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You and I—we’re lucky. Today, thanks to the internet, we’ve got the privilege of instant access to tons of data and source material from people who are far more intelligent than we’ll ever be. And, despite what’s happened in the past, the realm of science is still an incredible area to gather ideas for personal experimentation. The challenge is finding the right science—that is, the kind that’s rigorous and comprehensive. But once you do, instead of moving against evolutionary history, you can evolve faster, using the wealth of resources and information out there to your own benefit. And I want to support you in your effort to do just that. But before you can dig into the research that’ll help guide you on your journey, it’s good to develop a critical lens for evaluating the material you’ll come across, as well as a solid understanding of the types of research out there. That’s why I have three simple things for you to remember: Don’t believe the hype. We live in a headline-driven world. Whether we’re on our phones or watching television, commuting to work or spending time with family, we’re constantly barraged by media that demands our attention. And, since news cycles move fast, flashy headlines have become the norm. I realize what I’m about to say might seem like a silly example, but it proves my point, 186  ·   U N S T O P PA B L E

so humor me. Say the headline of a study says, “Jump off a building if you want to live longer.” Absurd, right? As strange as it is, this might not be a completely inaccurate headline if there was one person in the study who jumped off of a building, somehow survived, and out of that transformative near-death experience, went on to live a long and healthy life. Of course, if you expanded your data set of people who jumped off buildings over a period of time, you’d most likely find that the majority of those individuals died. Yet the headline focused on the one person who survived, in order to catch people’s attention. These days, in a world that optimizes for clicks, headlines like these are the norm, and they’re incredibly misleading. Know your source(s). Today, content—“reports,” blog posts, sponsored content—is king. For big companies, it’s the foundation of both paid and organic advertising, as well as clicks and ad impressions. And while that’s been great for search marketing and related industries, the changing nature of content has made it much harder to distinguish high-quality, impartial material from content that’s created to advance a brand or corporate agenda. So, the next time you’re wondering about the credibility of the health and wellness content you’re reading, take a look at where the information came from—an academic institution or a brand? A well-respected medical journal or an industry publication trying to make its info sound more trustworthy? Evaluate sources and ask yourself H O W D I D W E G E T H E R E ?   ·   187

what those behind them stand to gain by advancing specific narratives. Be your own investigative journalist. Besides sidestepping the hype and finding reputable sources, it’s imperative that you become your own investigative journalist during this process. When you come across compelling info, dig deeper into how the data was collected, and under what circumstances. If it’s large-scale research, check out who the participants were, and how the results were analyzed. Do you detect whether or not there’s bias in the tone of the write-up of the findings? It might be a bit dry at first, but you should actually read the studies you come across. I know it’s not the most entertaining reading, but you’re literally reading for your own good, so you owe it to yourself. That being said, studies are still incredible sources for possible ideas for experimentation, inspiration, and information, just not absolute truths. Your job is to absorb the information, compare it to our evolutionary history, and make decisions about what works best for you. Typically, you’ll do this through many different types of studies: epidemiological, single-blind, double-blind, and control group. I’ll outline each briefly now: • Epidemiological study. This type of study involves large, diverse samples that are intended to reflect a 188  ·   U N S T O P PA B L E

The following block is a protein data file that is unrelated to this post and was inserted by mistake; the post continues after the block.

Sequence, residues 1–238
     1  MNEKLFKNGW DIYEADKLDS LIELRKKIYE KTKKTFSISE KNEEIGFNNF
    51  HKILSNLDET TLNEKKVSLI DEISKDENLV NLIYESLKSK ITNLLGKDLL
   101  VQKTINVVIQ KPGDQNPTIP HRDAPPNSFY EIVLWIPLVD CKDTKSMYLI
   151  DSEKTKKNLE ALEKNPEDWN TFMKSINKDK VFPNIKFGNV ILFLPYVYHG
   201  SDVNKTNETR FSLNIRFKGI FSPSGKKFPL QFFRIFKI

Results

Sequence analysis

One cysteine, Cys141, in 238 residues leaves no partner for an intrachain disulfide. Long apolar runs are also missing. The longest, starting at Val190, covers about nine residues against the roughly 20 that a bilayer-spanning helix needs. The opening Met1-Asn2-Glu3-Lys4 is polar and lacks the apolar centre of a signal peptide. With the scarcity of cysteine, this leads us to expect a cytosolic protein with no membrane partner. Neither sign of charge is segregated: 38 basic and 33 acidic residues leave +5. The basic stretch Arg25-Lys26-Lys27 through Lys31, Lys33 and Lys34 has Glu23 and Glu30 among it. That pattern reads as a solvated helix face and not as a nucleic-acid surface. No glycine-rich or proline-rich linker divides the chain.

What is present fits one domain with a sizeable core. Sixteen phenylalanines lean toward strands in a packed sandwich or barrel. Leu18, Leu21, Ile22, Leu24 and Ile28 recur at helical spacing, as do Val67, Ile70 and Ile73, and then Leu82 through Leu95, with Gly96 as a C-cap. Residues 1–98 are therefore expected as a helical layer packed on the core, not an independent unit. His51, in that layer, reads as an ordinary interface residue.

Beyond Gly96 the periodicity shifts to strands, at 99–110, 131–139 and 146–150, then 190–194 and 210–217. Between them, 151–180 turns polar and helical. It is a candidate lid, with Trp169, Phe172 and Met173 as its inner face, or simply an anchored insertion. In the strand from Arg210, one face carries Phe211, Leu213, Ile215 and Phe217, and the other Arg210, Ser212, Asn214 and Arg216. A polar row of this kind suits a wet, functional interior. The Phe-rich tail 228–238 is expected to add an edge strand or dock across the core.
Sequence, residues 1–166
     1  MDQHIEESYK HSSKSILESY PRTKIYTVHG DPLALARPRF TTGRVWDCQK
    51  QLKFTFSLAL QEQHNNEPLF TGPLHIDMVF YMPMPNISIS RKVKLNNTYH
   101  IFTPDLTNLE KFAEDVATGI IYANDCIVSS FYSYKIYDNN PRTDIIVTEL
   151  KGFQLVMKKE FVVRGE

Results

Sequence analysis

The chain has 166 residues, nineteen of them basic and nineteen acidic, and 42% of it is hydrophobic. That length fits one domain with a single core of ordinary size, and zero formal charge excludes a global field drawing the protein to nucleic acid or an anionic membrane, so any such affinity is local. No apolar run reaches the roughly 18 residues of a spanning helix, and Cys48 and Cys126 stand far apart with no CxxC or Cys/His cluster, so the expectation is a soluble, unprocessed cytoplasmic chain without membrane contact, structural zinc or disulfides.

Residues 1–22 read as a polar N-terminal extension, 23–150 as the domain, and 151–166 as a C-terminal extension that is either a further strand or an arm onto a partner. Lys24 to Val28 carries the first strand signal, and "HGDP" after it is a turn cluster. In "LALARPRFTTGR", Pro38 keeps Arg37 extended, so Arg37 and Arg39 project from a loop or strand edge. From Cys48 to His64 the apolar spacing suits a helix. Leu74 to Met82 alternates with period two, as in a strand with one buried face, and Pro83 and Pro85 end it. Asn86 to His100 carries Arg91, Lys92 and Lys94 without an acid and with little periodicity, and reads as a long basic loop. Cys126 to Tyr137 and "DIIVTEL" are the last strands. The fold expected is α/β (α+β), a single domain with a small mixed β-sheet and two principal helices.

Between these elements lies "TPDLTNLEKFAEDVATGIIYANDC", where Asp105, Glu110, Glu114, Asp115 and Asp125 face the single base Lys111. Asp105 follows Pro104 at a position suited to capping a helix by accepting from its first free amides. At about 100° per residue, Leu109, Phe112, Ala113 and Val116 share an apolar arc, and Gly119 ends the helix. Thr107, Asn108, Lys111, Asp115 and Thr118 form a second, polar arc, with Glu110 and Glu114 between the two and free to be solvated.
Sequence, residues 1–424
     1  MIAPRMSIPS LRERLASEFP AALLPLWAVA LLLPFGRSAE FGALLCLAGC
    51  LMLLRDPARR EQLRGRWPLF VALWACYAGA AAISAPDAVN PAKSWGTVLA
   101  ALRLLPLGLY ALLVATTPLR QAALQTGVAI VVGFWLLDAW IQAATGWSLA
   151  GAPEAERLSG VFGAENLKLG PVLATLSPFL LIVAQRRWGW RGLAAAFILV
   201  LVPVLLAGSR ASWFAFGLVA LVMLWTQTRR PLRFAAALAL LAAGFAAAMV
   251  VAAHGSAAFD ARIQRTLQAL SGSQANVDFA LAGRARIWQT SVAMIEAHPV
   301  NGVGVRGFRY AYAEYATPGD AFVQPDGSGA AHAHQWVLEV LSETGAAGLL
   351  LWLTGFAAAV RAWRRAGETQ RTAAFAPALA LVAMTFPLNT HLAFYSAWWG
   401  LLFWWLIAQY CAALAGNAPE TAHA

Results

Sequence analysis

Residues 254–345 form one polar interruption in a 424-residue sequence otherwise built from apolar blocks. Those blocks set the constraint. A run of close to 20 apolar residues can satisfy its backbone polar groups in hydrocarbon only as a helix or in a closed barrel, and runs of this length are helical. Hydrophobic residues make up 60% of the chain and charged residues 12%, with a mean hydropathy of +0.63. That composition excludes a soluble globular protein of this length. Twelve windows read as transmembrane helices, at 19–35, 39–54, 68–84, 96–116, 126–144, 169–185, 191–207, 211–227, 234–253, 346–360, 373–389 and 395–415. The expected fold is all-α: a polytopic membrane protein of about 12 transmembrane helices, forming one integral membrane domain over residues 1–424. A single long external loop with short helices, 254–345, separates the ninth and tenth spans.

greater whole. While sizable in nature, these types of studies can be useful in assessing the breadth of certain phenomena, but not necessarily depth. In most cases, these types of studies will be useful starting points, but don’t mistake breadth of research for conclusiveness of findings. • Single-blind study. A single-blind study involves two groups of participants: the intervention group and the control group. While study participants don’t know which group they’re in, researchers do. Typically, single-blind studies are used to test the efficacy of medications. • Double-blind study. A double-blind study is the gold standard of studies because it’s the most expensive and the most difficult to execute. In these types of studies, the researcher who’s conducting the study and managing the groups doesn’t know who is in what group. In the total absence of potential bias, this kind of study ensures greater accuracy. • Control group. Studies that use a control group are probably the most widely used in health and diet research because they’re cheaper than conducting a single-blind study or double-blind study, and they’re still fairly accurate. Control groups and experimental groups are treated the same throughout an experiment, except for interventions made by researchers on the experimental group.